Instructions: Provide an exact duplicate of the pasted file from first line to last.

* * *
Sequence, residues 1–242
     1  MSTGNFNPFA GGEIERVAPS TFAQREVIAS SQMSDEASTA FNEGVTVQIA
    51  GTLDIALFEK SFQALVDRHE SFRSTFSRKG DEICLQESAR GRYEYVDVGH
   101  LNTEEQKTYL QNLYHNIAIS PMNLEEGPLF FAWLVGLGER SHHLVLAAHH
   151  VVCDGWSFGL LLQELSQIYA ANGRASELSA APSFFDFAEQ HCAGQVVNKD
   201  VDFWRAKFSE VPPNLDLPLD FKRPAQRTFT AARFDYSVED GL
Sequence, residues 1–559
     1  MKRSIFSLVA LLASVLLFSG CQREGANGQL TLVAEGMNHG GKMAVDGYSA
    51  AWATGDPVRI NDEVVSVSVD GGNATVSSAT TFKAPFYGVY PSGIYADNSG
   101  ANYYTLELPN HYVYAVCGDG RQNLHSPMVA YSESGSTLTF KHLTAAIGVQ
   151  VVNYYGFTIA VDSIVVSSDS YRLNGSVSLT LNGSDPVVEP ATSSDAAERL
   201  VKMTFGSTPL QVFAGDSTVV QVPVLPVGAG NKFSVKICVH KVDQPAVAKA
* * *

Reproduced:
Sequence, residues 1–242
     1  MSTGNFNPFA GGEIERVAPS TFAQREVIAS SQMSDEASTA FNEGVTVQIA
    51  GTLDIALFEK SFQALVDRHE SFRSTFSRKG DEICLQESAR GRYEYVDVGH
   101  LNTEEQKTYL QNLYHNIAIS PMNLEEGPLF FAWLVGLGER SHHLVLAAHH
   151  VVCDGWSFGL LLQELSQIYA ANGRASELSA APSFFDFAEQ HCAGQVVNKD
   201  VDFWRAKFSE VPPNLDLPLD FKRPAQRTFT AARFDYSVED GL
Sequence, residues 1–559
     1  MKRSIFSLVA LLASVLLFSG CQREGANGQL TLVAEGMNHG GKMAVDGYSA
    51  AWATGDPVRI NDEVVSVSVD GGNATVSSAT TFKAPFYGVY PSGIYADNSG
   101  ANYYTLELPN HYVYAVCGDG RQNLHSPMVA YSESGSTLTF KHLTAAIGVQ
   151  VVNYYGFTIA VDSIVVSSDS YRLNGSVSLT LNGSDPVVEP ATSSDAAERL
   201  VKMTFGSTPL QVFAGDSTVV QVPVLPVGAG NKFSVKICVH KVDQPAVAKA